Jonathan Bate, Professor of English at Liverpool University and author of The Genius of Shakespeare, grew up in Sevenoaks, Kent, where his school overlooked the magnificent Knole House. Its Tudor opulence fascinated him, but he eschews this example in favour of nearby Penshurst Place (above), a more modest Tudor country house.
The seventeenth-century poet and playwright Ben Jonson wrote a poem in praise of it, To Penshurst, which begins: 'Thou art not, Penshurst, built to envious show. . .' and Bate feels sure he was casting a critical eye over the ostentatious Knole. 'Jonson talks about old ideas of hospitality and festivities - there's an element of nostalgia, 'he says.The poem ends : 'Those proud ambitious heaps, and nothing else, May say, their lords have built, but thy lord dwells', and it is that reiteration of Penshurst's owner inhabiting the house in a very deep sense that resonates for Bate.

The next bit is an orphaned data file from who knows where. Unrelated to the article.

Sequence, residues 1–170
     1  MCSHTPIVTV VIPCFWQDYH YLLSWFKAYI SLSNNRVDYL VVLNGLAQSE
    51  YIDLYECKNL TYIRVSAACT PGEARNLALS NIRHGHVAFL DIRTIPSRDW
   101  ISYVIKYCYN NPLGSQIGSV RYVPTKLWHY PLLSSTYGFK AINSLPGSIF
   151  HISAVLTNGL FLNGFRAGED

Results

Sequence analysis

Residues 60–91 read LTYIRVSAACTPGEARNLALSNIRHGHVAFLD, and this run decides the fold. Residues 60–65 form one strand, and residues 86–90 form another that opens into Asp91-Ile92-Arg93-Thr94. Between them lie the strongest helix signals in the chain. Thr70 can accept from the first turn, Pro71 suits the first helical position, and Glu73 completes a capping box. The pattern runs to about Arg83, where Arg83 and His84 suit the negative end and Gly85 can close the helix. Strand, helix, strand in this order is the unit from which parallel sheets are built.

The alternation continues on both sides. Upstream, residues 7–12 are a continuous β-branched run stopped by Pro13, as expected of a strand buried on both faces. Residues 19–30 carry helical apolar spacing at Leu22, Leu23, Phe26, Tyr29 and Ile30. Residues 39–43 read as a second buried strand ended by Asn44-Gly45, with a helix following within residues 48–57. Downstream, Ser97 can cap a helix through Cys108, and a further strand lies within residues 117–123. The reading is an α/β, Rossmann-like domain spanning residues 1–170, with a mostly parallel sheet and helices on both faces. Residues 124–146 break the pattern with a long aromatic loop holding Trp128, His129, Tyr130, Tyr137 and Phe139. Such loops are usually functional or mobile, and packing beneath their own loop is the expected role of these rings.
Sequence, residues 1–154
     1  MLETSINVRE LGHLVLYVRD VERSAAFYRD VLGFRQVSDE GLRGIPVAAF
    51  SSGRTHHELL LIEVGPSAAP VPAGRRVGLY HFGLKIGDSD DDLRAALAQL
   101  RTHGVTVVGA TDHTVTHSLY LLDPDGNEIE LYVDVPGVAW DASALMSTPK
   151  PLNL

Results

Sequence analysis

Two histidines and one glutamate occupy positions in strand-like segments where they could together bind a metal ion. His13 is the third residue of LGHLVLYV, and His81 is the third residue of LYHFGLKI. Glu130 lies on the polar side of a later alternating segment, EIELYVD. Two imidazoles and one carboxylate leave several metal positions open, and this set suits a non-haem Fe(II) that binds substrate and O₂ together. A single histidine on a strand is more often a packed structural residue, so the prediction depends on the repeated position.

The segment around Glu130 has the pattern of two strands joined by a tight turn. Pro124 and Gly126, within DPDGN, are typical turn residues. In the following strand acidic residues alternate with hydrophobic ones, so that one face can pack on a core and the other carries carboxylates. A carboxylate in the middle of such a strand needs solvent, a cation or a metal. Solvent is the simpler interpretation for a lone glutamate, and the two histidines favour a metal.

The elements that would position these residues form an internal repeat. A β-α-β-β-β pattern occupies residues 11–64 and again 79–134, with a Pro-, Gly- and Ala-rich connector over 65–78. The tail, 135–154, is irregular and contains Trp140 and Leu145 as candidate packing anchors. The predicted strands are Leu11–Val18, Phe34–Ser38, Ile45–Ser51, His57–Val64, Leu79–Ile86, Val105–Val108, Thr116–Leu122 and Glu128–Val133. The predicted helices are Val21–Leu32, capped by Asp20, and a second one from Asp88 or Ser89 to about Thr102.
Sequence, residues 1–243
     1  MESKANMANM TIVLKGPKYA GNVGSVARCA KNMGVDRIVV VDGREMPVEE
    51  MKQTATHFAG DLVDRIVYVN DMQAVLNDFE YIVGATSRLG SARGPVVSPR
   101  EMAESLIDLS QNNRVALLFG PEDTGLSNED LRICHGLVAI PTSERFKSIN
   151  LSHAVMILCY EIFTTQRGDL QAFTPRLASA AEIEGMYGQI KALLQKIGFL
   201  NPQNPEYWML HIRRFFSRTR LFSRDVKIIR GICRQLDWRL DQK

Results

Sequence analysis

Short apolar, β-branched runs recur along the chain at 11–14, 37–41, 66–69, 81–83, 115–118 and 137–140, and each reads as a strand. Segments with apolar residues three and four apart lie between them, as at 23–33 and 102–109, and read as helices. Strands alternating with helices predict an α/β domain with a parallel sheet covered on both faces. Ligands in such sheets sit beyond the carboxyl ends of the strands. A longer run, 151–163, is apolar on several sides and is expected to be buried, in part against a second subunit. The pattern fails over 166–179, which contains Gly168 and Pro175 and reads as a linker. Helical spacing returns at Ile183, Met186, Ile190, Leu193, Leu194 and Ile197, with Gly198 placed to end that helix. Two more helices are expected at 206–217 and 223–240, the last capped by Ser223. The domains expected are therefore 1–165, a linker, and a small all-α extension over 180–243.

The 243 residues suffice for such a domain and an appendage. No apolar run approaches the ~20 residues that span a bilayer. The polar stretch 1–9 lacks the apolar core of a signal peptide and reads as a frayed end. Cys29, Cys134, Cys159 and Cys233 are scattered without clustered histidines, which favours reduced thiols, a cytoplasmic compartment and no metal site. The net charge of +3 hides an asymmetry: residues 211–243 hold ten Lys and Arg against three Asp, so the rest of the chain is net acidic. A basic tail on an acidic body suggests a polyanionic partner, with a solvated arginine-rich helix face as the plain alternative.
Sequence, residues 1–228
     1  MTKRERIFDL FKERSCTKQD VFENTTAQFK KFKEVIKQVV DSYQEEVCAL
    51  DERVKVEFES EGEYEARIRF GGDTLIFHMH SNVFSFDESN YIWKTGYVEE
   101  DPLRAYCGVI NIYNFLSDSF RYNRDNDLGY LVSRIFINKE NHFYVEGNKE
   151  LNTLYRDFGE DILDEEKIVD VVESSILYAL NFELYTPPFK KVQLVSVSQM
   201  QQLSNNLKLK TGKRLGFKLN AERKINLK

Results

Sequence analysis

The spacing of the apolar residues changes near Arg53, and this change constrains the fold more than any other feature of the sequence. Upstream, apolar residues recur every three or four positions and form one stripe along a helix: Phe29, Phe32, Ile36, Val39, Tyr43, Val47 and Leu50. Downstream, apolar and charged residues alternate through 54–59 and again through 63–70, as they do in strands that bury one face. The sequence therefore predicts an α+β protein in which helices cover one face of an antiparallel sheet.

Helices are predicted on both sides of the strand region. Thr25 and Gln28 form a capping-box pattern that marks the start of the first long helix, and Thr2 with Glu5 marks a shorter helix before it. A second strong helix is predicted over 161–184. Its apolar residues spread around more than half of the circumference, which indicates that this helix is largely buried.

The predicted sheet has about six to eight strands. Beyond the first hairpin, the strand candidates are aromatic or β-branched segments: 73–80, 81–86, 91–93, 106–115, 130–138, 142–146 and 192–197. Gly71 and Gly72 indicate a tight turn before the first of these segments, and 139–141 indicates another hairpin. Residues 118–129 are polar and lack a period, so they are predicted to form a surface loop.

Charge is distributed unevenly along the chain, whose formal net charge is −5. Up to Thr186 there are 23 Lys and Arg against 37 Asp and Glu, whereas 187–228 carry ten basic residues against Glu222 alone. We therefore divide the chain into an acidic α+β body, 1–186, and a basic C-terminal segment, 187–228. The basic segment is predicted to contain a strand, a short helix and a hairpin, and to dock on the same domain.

Grappling with Modernism, Bate opts for William van Alen's Chrysler Building. 'I first went to New York on a scholarship in my early twenties. I arrived on a boiling hot August day and took a minibus from JFK.From this most extraordinary skyline and just walking around, the Chrysler was the one that stood out for me.'
Bate dislikes the harsh angles of Modernist buildings and loves the Chrysler's curves and flourishes.
'Again, in a way it's about nostalgia - there's something about its elegance that immediately makes you think of Gatsby parties and the enormous sense of energy and possibility of the 1920s.'